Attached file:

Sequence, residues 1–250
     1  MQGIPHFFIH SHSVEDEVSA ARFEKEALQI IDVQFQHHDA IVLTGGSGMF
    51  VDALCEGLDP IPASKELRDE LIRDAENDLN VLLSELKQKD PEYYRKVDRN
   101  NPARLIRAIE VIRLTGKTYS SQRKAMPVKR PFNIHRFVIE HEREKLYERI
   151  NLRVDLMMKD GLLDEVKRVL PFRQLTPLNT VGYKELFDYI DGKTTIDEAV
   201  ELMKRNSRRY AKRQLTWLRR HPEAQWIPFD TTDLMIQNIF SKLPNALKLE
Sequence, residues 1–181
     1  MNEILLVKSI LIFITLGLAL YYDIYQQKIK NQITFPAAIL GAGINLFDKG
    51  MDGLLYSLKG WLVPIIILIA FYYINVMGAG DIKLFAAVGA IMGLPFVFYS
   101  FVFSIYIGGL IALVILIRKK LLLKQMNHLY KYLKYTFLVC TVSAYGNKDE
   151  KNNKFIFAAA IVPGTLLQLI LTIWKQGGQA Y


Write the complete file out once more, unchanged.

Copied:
Sequence, residues 1–250
     1  MQGIPHFFIH SHSVEDEVSA ARFEKEALQI IDVQFQHHDA IVLTGGSGMF
    51  VDALCEGLDP IPASKELRDE LIRDAENDLN VLLSELKQKD PEYYRKVDRN
   101  NPARLIRAIE VIRLTGKTYS SQRKAMPVKR PFNIHRFVIE HEREKLYERI
   151  NLRVDLMMKD GLLDEVKRVL PFRQLTPLNT VGYKELFDYI DGKTTIDEAV
   201  ELMKRNSRRY AKRQLTWLRR HPEAQWIPFD TTDLMIQNIF SKLPNALKLE
Sequence, residues 1–181
     1  MNEILLVKSI LIFITLGLAL YYDIYQQKIK NQITFPAAIL GAGINLFDKG
    51  MDGLLYSLKG WLVPIIILIA FYYINVMGAG DIKLFAAVGA IMGLPFVFYS
   101  FVFSIYIGGL IALVILIRKK LLLKQMNHLY KYLKYTFLVC TVSAYGNKDE
   151  KNNKFIFAAA IVPGTLLQLI LTIWKQGGQA Y